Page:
The balance of power is shifting from the managers to practising academics, says Anthony Fletcher.
The huge growth of the university sector has been marked by the proliferation of management. Subject specialists, trying to preserve the integrity of their disciplines and secure resources, have sometimes felt left out as managerial strategies for modularisation and semesterisation have marched across the land. But this dynamic is shifting.
The funding councils are setting up new subject centres to be funded at Pounds 6.2 million over three years. In considering bids for the centres, the councils will seek evidence that they have support from professional bodies and subject associations. In this way, the project marks the coming of age of a network of subject bodies as partners in the management of higher education.
The constitutional evolution and emerging power of subject bodies has been heterogeneous. The treatment of history, however, illustrates a little-noticed development that is of importance for higher education.
In history, there are four bodies that are considered to be subject associations in the broad terms adopted by the funding councils. The Royal Historical Society has 2,500 members, not all practising academics and including less than half of those teaching in the universities. It increasingly involves itself in the study and practice of history by responding to government initiatives. The History at the Universities Defence Group (HUDG) represents all 2,800 of those who teach history at universities. The Economic History Society is a long-established representative body for a particular section of the academic profession, while the Social History Society is younger, acting on behalf of a group of historians whose strength within the community has greatly increased over the past three decades.
These bodies have been kept busy by the emergence of quality assessment. In the 1970s academic life was comparatively free from intrusion; now, everything is relentlessly assessed. Subject associations try to ensure that assessment is performed by those who command the respect of their colleagues, and in a fair and constructive manner.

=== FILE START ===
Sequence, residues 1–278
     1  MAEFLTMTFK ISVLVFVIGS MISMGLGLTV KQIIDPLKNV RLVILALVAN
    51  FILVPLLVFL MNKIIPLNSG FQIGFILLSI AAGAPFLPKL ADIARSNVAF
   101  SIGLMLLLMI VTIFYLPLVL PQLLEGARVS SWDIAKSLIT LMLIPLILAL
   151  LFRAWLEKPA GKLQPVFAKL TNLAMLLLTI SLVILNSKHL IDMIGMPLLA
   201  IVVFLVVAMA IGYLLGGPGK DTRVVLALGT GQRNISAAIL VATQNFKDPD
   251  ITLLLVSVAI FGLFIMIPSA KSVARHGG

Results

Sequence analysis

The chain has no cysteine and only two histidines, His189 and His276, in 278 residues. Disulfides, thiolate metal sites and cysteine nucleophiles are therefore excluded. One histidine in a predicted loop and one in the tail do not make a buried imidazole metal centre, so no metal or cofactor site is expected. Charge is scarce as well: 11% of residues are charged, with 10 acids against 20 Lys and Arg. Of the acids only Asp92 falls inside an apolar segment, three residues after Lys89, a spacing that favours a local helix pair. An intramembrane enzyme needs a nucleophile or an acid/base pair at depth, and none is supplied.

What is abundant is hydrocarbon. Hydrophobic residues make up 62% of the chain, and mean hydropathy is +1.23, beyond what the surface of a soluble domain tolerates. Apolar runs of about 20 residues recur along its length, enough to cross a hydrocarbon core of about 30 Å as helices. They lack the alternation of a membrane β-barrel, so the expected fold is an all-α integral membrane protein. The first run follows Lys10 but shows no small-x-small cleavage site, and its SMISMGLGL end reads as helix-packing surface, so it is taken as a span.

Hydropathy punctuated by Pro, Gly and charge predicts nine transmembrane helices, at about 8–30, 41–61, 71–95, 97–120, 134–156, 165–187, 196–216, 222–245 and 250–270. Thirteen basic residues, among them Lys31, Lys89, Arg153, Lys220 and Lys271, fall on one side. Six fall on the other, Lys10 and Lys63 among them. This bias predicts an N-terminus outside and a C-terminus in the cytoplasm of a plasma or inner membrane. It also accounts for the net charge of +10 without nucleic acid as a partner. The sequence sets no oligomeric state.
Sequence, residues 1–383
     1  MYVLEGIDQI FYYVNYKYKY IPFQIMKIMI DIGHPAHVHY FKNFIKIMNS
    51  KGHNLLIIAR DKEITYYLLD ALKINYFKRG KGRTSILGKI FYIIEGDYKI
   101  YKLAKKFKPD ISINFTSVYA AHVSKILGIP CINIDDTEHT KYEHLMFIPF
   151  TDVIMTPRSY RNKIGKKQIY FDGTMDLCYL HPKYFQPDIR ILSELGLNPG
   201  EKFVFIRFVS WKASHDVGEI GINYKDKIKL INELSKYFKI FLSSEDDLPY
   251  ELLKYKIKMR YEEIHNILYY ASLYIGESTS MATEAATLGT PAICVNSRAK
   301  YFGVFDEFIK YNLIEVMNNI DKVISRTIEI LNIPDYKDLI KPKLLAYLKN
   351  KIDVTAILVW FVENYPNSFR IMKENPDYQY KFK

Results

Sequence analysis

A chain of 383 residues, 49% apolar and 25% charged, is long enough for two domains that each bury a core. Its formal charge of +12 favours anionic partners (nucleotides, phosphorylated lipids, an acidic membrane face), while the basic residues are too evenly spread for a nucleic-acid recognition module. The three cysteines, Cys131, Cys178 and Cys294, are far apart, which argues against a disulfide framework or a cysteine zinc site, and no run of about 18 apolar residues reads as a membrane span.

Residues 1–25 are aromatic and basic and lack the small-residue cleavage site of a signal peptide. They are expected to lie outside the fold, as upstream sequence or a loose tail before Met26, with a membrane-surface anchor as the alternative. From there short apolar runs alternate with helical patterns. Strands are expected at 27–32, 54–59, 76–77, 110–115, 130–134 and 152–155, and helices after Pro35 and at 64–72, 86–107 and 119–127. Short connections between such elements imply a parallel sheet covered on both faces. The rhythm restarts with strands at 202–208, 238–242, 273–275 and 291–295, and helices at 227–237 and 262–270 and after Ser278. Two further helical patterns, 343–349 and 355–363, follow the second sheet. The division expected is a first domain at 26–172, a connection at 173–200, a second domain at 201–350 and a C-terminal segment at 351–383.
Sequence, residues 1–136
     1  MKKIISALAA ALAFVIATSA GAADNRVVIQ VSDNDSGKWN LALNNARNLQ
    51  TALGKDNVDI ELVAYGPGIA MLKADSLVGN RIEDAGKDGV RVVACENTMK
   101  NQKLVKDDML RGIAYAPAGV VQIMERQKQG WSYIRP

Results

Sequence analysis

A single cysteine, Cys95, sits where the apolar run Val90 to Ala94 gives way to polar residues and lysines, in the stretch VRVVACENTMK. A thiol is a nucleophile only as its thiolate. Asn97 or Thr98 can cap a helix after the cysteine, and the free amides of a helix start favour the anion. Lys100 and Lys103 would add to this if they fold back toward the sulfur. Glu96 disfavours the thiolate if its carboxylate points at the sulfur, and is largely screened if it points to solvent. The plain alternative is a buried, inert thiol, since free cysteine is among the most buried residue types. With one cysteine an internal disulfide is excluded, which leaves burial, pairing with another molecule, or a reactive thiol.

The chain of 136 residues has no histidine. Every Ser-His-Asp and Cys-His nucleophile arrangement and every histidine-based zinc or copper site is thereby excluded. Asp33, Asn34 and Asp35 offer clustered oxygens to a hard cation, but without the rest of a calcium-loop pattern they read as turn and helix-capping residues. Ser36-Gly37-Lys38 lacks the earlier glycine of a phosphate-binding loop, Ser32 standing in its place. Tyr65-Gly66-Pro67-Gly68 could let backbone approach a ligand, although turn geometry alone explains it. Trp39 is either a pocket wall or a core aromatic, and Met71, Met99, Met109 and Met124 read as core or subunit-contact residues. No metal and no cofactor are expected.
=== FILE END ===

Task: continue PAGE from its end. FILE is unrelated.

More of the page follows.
With the successive research assessment exercises since the 1980s, funding councils have become more responsive to the views of subject associations on the criteria for assessment. Moreover, it is now standard practice to assemble RAE subject panels from lists of nominations assembled by the associations.
If research assessment is regarded as the most serious aspect of all this, it is because money follows the judgements made on collective performance. But everyone has come to accept that assessment of teaching is inescapable. In this respect, the Dearing committee's proposal in 1997 that subject associations should help to develop benchmarks that would provide a starting point for a system of review of standards was a crucial step in recognition of their public role.
The HUDG had already been active in providing feedback to the funding councils on the teaching quality assessment exercises in England, Wales and Scotland. Indeed, its review of history TQA highlighted deficiencies of the process in its early stages. Benchmarking, though, has been a new challenge.
Now that history's initial benchmark statement, on trial in Scotland and Wales, has been made available by the Quality Assurance Agency, a public view will emerge about its usefulness.
Benchmarking, in the historian's view, provides a framework for judging university programmes that are attainable by the typical history student. The statement provides a manifesto for academics to use in discussions about questions of teaching, learning and assessment.
In essence, benchmarking provides a statement about good practice. This is where the new subject centres come in. Logically, all subjects needed to go through this process before they set up a centre to encourage discipline-based research and to disseminate information about good practice in teaching, learning and assessment. History has been fortunate in that things have come in the proper order.
The result is that the profession can wholeheartedly welcome the funding council's initiative and its decision to give significant aid for teaching and learning development. This is an opportunity for subject communities to give the centres they set up the chance to encourage and support colleagues across the country in developing their work with students.
The whole project can be seen as the outcome of a federation of subject disciplines. They have shown themselves effective players in the politics of higher education and should be allowed a say in high-level policy and management. This development will strengthen the sector against threats to its independence.
Anthony Fletcher is professor of history at the University of Essex, chair of the History Benchmarking Group and convenor of HUDG.